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Information about all aspects of finances affected by a serious health condition. Includes income sources such as work, investments, and private and government disability programs, and expenses such as medical bills, and how to deal with financial problems.
Information about all aspects of health care from choosing a doctor and treatment, staying safe in a hospital, to end of life care. Includes how to obtain, choose and maximize health insurance policies.
Answers to your practical questions such as how to travel safely despite your health condition, how to avoid getting infected by a pet, and what to say or not say to an insurance company.

Uninsured: How To Get The Medical Care You Need

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If you have limited funds, or no funds at all, getting medical care without insurance can be difficult, but it is doable.

Start with the attitude that you will obtain the health care you need. It may take time and effort, but it is worth the effort. Your life may be at stake.

  • If you take some time to learn about your health condition, you will be able to make more informed decisions about your treatment and avoid unnecessary tests. If you do not have access to a medical professional to provide this information, you can get a reasonable idea from the many resources that are available on the Internet, including specific sites for various ailments. To avoid misinformation see Medical Research 101.
  • Do what you can to maintain and improve your health. For example, you can help maximize your body's ability to fight illness by doing the following:
    • Eat a balanced and nutritious diet
    • Get regular exercise. Exercise doesn't have to be in a gym. Our article also provides information about incorporating exercise into your daily life.
    • Get rest.

Do everything you can to become insured. Because of the Affordable Care Act ("Obamacare"), health insurance is obtainable despite your health condition.

Whatever you do -- do not give up until you get the care you need.

Our discussion about getting health care without insurance is divided into health care subjects. As you review the information that applies to you, please keep in mind the following tips for saving money on medical costs:

  • Avoid unnecessary lab tests. Always question the need for lab tests, especially if you have had the same test recently. Do-it-yourself tests are available for simple procedures such as vision testing, blood pressure, lung function, etc.
  • For matters which are clearly not related to your health condition, consider starting with inexpensive self-diagnostic tools. If there is any chance the symptom(s) could be related to your condition, consult a doctor immediately. The American Academy of Family Physicians and WebMD offer some do-it-yourself information. See:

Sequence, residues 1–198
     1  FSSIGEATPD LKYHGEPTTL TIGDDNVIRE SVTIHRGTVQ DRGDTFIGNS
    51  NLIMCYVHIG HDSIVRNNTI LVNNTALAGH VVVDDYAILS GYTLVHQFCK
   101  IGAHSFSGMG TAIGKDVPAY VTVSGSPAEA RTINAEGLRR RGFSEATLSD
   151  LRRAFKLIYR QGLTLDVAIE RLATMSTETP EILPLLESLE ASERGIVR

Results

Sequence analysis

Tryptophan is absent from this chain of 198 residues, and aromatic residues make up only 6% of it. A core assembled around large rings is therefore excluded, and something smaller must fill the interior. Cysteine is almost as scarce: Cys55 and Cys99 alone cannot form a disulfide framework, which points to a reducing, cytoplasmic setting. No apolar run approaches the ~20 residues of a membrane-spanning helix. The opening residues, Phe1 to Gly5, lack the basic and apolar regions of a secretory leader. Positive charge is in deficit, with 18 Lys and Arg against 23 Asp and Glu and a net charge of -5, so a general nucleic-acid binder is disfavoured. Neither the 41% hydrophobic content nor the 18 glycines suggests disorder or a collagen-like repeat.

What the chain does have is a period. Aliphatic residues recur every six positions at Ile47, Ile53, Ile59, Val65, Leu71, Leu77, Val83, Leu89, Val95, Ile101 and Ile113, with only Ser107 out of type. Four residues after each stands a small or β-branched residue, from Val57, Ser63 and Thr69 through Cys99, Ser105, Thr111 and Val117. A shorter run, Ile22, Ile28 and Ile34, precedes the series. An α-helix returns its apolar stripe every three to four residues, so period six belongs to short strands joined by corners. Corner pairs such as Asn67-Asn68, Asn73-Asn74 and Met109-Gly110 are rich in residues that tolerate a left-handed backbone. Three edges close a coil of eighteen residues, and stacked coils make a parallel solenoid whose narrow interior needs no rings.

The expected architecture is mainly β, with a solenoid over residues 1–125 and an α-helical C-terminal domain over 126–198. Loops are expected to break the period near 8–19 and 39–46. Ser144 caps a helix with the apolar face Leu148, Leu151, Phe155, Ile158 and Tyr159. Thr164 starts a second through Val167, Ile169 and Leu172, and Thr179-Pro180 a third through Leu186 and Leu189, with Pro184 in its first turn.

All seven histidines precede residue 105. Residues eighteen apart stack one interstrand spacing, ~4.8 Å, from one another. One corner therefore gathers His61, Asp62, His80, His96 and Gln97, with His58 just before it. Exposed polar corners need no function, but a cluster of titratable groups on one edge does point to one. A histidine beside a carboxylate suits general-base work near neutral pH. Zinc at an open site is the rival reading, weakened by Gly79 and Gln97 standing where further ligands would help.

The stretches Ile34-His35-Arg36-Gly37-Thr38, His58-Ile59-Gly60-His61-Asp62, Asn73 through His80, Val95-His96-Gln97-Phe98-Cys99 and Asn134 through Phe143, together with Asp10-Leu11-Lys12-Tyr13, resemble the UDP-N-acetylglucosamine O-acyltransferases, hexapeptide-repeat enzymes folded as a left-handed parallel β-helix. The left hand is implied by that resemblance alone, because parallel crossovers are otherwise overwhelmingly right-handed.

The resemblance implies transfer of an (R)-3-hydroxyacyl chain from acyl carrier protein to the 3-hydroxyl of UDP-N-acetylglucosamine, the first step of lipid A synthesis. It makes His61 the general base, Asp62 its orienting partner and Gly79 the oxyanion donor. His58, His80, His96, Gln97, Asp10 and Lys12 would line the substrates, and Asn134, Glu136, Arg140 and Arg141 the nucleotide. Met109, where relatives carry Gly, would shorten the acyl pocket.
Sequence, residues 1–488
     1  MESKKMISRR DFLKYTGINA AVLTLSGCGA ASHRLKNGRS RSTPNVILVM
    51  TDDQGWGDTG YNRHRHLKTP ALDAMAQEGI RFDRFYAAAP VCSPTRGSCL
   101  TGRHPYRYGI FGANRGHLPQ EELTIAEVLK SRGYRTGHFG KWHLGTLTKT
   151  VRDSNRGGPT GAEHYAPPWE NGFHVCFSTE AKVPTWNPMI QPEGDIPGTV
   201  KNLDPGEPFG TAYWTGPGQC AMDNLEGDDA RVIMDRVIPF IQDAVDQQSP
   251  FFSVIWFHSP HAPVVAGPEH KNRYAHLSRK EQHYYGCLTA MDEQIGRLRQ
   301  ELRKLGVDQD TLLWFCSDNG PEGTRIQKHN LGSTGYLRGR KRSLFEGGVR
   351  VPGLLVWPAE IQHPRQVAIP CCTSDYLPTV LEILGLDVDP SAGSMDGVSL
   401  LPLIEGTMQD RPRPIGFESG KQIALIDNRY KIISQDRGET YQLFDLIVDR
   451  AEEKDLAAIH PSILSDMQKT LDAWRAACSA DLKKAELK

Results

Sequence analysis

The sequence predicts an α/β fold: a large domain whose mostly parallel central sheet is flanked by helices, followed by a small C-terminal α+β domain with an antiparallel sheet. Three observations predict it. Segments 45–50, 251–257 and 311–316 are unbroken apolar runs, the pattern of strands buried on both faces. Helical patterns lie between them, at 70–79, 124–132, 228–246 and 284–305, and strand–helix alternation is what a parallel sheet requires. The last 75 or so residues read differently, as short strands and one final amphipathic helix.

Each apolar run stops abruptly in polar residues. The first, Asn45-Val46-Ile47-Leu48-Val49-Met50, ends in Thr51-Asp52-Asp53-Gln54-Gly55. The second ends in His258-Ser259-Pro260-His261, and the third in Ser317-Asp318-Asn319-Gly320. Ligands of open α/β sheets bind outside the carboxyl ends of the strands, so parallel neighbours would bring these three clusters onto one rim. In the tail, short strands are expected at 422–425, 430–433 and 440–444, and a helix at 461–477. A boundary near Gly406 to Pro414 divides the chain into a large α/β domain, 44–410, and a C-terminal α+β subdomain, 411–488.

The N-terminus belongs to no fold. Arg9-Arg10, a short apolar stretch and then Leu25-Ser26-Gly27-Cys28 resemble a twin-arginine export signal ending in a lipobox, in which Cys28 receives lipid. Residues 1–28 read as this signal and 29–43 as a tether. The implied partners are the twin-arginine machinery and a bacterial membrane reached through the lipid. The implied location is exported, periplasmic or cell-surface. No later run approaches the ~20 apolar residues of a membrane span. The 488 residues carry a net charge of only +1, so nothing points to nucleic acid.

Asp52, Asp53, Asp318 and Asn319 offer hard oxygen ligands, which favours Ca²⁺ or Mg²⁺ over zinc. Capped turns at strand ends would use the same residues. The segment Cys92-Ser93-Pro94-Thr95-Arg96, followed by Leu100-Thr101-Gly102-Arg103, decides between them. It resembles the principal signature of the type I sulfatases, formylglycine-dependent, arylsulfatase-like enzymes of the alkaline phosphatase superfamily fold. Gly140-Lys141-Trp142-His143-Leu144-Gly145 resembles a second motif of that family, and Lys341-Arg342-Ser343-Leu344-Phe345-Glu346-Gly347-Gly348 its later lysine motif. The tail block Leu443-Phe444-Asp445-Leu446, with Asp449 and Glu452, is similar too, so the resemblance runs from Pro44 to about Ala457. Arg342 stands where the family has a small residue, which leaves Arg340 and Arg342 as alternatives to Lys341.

• Avoid unnecessary hospital stays. If a doctor recommends you enter a hospital, ask if the situation can be taken care of on an outpatient basis. It is often easier for the doctor if you are admitted to a hospital. For example, one of our writers needed elective surgery. The doctor recommended that Edward would be in the hospital for two ro three days. Edward pointed out that he could be taken care of at home on a 24 hour basis, and be back at the hospital within 15 minutes if an emergency arose. He preferred not to unnecessarily be exposed to the heavyweight germs that can be found in hospitals. The operation was performed in the hospital on an out-patient basis. Edward was allowed to leave the hospital immediately after surgery and recuperate at home.
  • See How To Save Money When Purchasing Or Using Drugs
  • For additional tips for saving money see: Spending Less.

If the following information doesn't help, look at the the U.S. government website http://FindAHealthCenter.hrsa.gov offsite link for a list of federally funded health care centers with sliding-scale fees based on your ability to pay.

NOTE:

  • If you are uninsured and need emergency care, you can go to any hospital in the U.S. that has an emergency room. Under law, emergency rooms have to provide emergency care regardless of your ability to pay. (That doesn't mean that the hospital won't bill you and try to collect. But it does mean that you have to be be treated first.)
  • If you live in Kentucky, Nevada, Tennessee or Virginia: There may be a weekend of free medical care in your area that also helps find ongoing medical care for the people treated during the weekend. See: www.ramusa.org offsite link
  • To learn the fair cost in your area of the service or treatment you need, check on line. For example:
  • If you have financial concerns, it is worth reading How To Deal With A Financial Crunch or Crisis

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